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Brandeis University's Community Newspaper — Waltham, Mass.

Election equality, a modest proposal

Published: September 20, 2013
Section: Opinions

Every fall brings the controversial Student Union elections, and this year was no different. Campaigns were out of control. Brandeis needs to clamp down on what candidates can do to promote themselves on campus. Students here at Brandeis come from different backgrounds ethnically, nationally, financially and religiously, but they are all people and should not have to deal with discrimination when running to represent the student body. Although they may be disadvantaged in a certain area, an unrelated disability should not hinder equality and justice in our university. These are two values we should hold quite highly, especially considering the legacy of our school’s namesake, Justice Louis Brandeis.
There are some restrictions here on campus, but they simply are not enough to control these wild campaigns. Students are only allowed 100 sheets of paper printed in black and white ink and one roll of masking tape, both provided by the school, so that students do not have to spend any money. Any personal spending in a campaign is clearly an unfair breach of justice, and it should not be tolerated.
Presidential and congressional candidates should not be allowed to spend any campaign money because it puts those less wealthy at a disadvantage. Even one penny is too much money to spend, because constituents should look only at a candidate’s platform, personal character, work ethic and qualifications. Since Brandeis is such a small school, every student likely knows each candidate, and therefore spending money on a huge campaign to spread one’s name and platform is completely unnecessary. Students should not even be allowed to use friends as a resource to spread their name because this unfairly skews the election. By convincing someone to vote a certain way, one introduces bias toward another by effectively pushing his or her decision onto the other in a way that may differ if left solely to the individual’s discretion about the candidate’s descriptions.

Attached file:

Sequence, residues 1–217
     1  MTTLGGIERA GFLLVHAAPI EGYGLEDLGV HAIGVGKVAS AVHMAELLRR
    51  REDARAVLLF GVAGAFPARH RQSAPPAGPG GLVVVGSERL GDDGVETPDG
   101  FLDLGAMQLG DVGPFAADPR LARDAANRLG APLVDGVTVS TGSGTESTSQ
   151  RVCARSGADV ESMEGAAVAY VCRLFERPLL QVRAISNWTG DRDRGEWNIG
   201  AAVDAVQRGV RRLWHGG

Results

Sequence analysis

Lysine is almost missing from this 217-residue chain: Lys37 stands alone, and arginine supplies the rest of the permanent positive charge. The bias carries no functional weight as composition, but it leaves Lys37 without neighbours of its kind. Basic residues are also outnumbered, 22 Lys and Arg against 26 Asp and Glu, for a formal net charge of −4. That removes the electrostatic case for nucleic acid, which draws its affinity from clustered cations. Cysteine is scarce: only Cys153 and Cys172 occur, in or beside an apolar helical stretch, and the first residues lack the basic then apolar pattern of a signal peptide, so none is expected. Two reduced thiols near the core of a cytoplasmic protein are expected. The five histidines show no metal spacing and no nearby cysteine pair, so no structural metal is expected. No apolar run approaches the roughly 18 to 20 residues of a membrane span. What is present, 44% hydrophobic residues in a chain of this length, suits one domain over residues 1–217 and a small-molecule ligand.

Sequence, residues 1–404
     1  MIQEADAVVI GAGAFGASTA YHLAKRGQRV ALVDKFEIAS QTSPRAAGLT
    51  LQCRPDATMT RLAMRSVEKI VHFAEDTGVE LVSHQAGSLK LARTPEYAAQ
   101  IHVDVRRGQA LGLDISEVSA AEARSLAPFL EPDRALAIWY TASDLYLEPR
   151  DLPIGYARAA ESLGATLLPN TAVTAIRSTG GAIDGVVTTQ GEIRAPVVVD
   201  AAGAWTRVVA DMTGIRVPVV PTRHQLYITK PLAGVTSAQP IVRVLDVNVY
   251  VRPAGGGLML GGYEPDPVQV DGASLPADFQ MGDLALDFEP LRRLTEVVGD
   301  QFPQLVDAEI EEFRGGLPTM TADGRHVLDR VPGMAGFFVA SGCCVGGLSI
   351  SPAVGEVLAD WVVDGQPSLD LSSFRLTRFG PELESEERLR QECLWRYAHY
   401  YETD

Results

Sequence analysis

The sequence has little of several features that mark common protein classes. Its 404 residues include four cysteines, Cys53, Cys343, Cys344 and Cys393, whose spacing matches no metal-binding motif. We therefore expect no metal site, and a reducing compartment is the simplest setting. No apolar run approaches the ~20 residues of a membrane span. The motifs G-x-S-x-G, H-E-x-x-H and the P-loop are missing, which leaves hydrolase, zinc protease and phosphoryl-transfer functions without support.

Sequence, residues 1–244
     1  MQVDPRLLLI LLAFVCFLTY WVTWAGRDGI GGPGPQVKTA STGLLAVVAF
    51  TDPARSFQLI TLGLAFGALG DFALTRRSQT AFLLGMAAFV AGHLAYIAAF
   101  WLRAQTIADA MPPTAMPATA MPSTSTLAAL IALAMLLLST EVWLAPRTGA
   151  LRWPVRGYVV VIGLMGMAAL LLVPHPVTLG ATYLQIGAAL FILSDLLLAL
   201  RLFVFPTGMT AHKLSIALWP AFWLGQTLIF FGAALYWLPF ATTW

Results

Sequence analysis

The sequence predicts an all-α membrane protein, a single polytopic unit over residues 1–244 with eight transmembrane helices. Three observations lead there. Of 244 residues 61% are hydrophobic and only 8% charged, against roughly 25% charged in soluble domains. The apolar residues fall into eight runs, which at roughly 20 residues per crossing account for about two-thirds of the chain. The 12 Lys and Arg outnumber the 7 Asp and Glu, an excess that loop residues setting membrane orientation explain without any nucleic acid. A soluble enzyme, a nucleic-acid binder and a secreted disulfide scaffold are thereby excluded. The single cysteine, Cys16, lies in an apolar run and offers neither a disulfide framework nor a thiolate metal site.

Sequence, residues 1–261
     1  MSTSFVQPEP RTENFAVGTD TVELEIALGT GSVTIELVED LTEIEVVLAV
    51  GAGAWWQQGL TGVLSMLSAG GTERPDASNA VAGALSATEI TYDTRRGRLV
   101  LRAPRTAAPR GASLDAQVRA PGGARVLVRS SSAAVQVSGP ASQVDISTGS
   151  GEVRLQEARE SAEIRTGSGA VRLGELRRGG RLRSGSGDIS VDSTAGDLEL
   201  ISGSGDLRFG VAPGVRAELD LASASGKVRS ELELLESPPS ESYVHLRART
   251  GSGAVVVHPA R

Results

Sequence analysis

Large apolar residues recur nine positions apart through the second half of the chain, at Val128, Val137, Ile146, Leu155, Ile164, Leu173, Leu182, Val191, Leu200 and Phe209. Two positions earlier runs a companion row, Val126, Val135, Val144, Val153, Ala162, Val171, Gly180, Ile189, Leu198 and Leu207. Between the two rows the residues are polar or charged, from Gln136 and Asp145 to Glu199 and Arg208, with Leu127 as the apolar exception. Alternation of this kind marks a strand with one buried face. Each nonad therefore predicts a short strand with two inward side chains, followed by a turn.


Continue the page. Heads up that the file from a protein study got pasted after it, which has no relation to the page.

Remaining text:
Students should not use any creative abilities to campaign in case one person has an artistic advantage. The school, however, has banned neither posters made on the computer nor campaign videos. There is just as much difference in artistic talent by hand as on the computer. This is the digital age, and we have to account for artistic expression through all media. Also, how can we permit video advertisements when some students clearly have more talent and experience filming and editing? Creativity takes more than one form, and just like someone may not be able to draw proficiently, one equally may not be able to edit videos artistically, as filmmaking is an art as well.
Furthermore, if Brandeis bans artistic resources, it should eliminate any poster with a candidate’s face or at least require candidates to don masks, as one candidate may be more attractive than another. Elections should be based purely on the candidate’s platform, character and qualifications, not their physical characteristics! For instance, what if a male candidate pulled in front of his female opponent with his masculine traits that were able to win over the predominantly female population?
If we equalize physical attractiveness, we have to equalize intelligence, as it simply is not fair for one candidate to have an intellectual advantage. As a result, there should exist pre-formed election campaign committees that regulate the posters and other advertisements present on campus. Therefore, the candidate would not have to exercise any intellectual capacity because his or her campaign committee would already create and distribute the advertisements. An intellectual advantage or academic focus in politics would provide a candidate with campaigning secrets that might unfairly put him ahead of an opponent. Everyone in the world is intelligent in his or her own way, so it would be unjust to favor one form of intelligence to the detriment of another when both types may prove equally effective in the Student Union position.
Although the election has terminated and the student body has chosen their representatives, we can still introduce these new prerogatives to equalize elections for future candidates and preserve justice to promote a fairer future for our children in generations to come.